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The Earth is Flat Award

A celebration of the inane, insipid and asinine...

web posted August 12, 2002

Perfect security is impossible to achieve even under totalitarian regimes. That means preventing future terrorist attacks in the United States is at best an exercise in hope. That hasn't prevented some of America's hardworking security guards from doing everything they can to make us as safe as possible. Unfortunately that also means that security personnel are a little too zealous occasionally.

Elizabeth McGarryElizabeth McGarry learned that lesson all to well on April 2 of this year. In an incident that wasn't reported until last week, McGarry told WABC's Ron Kuby and Curtis Sliwa that security guards at New York's JFK Airport forced her to drink her own breast milk in front of other passengers to prove she wasn't carrying dangerous chemicals.

"It was very uncomfortable and very embarrassing and very disgusting," said McGarry. "I'm all for security and everything, but that was a little much."

As the New York Post reported:

An accountant who lives in Oceanside, McGarry was bound for Florida on a Delta flight when she was singled out for a random search before boarding.

After her baby daughter, Maggie, was taken out of her arms, a male guard went through her bag, and asked what was in three bottles, she claimed.

"I said, ‘That's the milk for the baby.' And he said, ‘You have to drink it.' And I said, ‘I can't, it's breast milk,' " McGarry recalled. "He said, ‘You have to drink it, or you can't get on the plane.' "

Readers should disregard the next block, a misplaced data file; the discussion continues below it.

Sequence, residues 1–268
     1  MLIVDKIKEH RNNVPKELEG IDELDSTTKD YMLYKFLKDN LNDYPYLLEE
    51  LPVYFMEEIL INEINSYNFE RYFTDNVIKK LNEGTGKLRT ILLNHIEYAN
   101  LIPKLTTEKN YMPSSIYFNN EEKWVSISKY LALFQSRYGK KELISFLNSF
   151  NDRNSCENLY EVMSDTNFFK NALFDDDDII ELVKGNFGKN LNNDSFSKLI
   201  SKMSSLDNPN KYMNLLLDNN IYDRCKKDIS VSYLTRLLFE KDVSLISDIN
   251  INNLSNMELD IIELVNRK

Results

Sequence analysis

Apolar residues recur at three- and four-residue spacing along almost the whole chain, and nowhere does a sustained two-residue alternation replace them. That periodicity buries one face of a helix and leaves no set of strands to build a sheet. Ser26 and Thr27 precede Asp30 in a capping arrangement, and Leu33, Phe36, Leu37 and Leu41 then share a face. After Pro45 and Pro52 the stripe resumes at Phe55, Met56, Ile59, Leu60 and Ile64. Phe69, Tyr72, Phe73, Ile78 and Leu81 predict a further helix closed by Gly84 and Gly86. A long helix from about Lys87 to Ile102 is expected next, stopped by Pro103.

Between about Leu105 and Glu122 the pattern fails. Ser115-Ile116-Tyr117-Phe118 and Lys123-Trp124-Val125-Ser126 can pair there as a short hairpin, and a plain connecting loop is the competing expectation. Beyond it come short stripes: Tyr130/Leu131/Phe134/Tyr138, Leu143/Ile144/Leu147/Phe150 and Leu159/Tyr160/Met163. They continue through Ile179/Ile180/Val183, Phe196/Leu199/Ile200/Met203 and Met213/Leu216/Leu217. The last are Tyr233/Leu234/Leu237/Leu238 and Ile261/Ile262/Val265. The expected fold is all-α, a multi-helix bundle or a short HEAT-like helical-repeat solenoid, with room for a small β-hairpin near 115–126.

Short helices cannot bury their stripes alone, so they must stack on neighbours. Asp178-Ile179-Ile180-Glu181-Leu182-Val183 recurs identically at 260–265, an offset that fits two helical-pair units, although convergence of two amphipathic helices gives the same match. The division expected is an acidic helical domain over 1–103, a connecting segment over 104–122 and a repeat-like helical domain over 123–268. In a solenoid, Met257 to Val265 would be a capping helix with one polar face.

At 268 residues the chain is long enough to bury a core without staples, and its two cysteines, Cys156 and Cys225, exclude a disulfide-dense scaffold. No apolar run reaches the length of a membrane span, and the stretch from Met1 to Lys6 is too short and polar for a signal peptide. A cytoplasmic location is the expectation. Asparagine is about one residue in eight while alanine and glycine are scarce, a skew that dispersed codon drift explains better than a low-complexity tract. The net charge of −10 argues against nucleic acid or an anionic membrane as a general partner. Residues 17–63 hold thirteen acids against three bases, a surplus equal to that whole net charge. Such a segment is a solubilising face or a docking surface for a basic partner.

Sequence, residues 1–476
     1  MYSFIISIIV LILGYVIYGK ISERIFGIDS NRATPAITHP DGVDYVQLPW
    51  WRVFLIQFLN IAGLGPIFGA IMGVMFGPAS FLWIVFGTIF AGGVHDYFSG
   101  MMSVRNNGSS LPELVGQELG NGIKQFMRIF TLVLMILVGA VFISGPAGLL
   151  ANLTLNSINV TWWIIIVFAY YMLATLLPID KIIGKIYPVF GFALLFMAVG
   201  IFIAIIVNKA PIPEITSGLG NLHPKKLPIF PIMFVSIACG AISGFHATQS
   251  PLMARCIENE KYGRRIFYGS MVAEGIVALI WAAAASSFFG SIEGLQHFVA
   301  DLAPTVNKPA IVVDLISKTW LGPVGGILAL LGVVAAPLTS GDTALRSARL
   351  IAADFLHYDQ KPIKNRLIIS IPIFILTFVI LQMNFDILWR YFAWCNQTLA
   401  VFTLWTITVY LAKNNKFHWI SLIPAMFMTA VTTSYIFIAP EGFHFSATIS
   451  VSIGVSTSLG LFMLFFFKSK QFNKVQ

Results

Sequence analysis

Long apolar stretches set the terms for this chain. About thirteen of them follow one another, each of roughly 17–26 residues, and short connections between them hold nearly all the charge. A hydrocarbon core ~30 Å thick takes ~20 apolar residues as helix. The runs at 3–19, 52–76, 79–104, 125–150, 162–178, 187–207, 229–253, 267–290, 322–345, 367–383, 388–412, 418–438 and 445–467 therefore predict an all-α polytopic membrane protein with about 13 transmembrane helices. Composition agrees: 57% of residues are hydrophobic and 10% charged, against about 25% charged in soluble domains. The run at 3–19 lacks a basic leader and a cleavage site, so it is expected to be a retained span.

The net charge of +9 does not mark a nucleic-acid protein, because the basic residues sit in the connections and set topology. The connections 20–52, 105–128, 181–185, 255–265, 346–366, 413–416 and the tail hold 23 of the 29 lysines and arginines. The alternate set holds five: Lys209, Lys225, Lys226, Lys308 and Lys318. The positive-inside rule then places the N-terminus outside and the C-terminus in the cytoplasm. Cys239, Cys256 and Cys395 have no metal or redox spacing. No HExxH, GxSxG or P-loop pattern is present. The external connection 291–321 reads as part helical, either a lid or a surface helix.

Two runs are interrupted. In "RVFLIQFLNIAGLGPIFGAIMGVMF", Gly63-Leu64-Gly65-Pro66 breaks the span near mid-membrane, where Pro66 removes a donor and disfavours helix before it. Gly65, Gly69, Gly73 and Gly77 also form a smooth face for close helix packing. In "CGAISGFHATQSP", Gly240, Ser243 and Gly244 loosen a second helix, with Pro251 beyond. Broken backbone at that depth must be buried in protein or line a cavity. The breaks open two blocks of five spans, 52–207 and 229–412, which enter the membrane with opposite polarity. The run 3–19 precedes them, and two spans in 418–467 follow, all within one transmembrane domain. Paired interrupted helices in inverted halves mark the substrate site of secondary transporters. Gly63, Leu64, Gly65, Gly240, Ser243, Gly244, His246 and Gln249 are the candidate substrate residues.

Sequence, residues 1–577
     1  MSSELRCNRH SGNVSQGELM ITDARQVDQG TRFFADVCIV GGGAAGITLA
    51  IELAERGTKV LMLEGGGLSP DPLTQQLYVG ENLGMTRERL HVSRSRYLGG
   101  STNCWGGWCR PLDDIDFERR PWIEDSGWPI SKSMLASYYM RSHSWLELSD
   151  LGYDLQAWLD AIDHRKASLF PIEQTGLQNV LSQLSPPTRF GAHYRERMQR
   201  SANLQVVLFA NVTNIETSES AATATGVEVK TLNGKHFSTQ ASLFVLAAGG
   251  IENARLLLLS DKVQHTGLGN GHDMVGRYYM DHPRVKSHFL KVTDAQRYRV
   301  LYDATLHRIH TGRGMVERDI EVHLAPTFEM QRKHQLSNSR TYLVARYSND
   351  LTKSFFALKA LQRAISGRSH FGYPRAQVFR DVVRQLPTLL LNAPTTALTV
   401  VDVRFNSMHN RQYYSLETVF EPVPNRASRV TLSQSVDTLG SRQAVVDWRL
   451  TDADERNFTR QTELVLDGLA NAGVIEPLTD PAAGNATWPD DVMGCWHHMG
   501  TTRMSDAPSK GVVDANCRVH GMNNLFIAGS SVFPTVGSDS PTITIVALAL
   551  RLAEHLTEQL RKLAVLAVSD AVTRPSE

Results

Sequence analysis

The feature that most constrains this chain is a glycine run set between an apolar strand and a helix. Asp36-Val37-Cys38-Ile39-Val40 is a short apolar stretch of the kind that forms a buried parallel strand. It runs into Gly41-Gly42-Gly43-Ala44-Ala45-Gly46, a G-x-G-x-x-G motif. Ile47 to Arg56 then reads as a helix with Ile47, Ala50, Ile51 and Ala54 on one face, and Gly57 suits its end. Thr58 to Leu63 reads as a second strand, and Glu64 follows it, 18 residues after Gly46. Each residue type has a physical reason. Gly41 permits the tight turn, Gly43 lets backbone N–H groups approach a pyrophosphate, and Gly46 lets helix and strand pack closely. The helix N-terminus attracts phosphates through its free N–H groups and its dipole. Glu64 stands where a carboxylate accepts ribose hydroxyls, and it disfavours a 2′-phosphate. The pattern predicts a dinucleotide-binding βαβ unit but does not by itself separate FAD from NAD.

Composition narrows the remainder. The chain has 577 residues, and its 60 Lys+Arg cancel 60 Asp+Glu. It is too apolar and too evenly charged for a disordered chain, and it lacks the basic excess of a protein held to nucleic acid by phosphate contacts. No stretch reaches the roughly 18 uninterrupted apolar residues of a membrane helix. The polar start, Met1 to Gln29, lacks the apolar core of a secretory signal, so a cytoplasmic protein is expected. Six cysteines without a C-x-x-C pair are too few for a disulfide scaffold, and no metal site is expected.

The guard refused her offer to daub some milk on her arm, and lick it off herself, she claimed.

"He said, ‘You have to drink from all three bottles," she said.

She did so, taking several sips from each.

In response, Kuby stated: "I'm all for random searches . . . but I do think the number of Caucasian, lactating mothers who have passed through al Qaeda training camps is negligible."

Remarkably, McGarry isn't the only woman to be challenged like this. Back in January, a Dallas lawyer named Colleen Carboy was ordered to drink from a bottle of breast milk that she was carrying onto a plane in Austin, Texas. Carboy said she refused, but was allowed to board after a female security supervisor intervened.

A spokesman for the U.S. Transportation Security Administration admitted that screeners have occasionally asked people to drink out of a container of fluid despite being ordered recently not to.

Extremism in the pursuit of liberty may be no sin but paranoia certainly is.

The Vinegar in Freedom Award

There is an old Serbian proverb that says vinegar in freedom tastes better than honey in slavery. This award is meant for events and people Enter Stage Right considers to be positive.


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